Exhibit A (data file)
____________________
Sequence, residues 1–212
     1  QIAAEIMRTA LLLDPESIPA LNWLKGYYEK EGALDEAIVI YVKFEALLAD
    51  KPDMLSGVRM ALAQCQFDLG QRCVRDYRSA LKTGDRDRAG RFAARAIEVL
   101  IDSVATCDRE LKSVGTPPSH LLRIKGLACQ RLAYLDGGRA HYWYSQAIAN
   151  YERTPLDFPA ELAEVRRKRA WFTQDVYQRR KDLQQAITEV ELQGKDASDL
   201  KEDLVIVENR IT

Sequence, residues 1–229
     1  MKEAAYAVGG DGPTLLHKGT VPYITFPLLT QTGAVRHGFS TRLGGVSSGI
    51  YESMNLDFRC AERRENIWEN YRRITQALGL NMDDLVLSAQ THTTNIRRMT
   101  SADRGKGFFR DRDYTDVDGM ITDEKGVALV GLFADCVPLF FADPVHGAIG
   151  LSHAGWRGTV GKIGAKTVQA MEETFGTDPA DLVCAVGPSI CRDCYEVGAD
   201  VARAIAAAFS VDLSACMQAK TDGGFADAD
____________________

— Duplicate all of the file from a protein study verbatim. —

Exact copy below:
Sequence, residues 1–212
     1  QIAAEIMRTA LLLDPESIPA LNWLKGYYEK EGALDEAIVI YVKFEALLAD
    51  KPDMLSGVRM ALAQCQFDLG QRCVRDYRSA LKTGDRDRAG RFAARAIEVL
   101  IDSVATCDRE LKSVGTPPSH LLRIKGLACQ RLAYLDGGRA HYWYSQAIAN
   151  YERTPLDFPA ELAEVRRKRA WFTQDVYQRR KDLQQAITEV ELQGKDASDL
   201  KEDLVIVENR IT

Sequence, residues 1–229
     1  MKEAAYAVGG DGPTLLHKGT VPYITFPLLT QTGAVRHGFS TRLGGVSSGI
    51  YESMNLDFRC AERRENIWEN YRRITQALGL NMDDLVLSAQ THTTNIRRMT
   101  SADRGKGFFR DRDYTDVDGM ITDEKGVALV GLFADCVPLF FADPVHGAIG
   151  LSHAGWRGTV GKIGAKTVQA MEETFGTDPA DLVCAVGPSI CRDCYEVGAD
   201  VARAIAAAFS VDLSACMQAK TDGGFADAD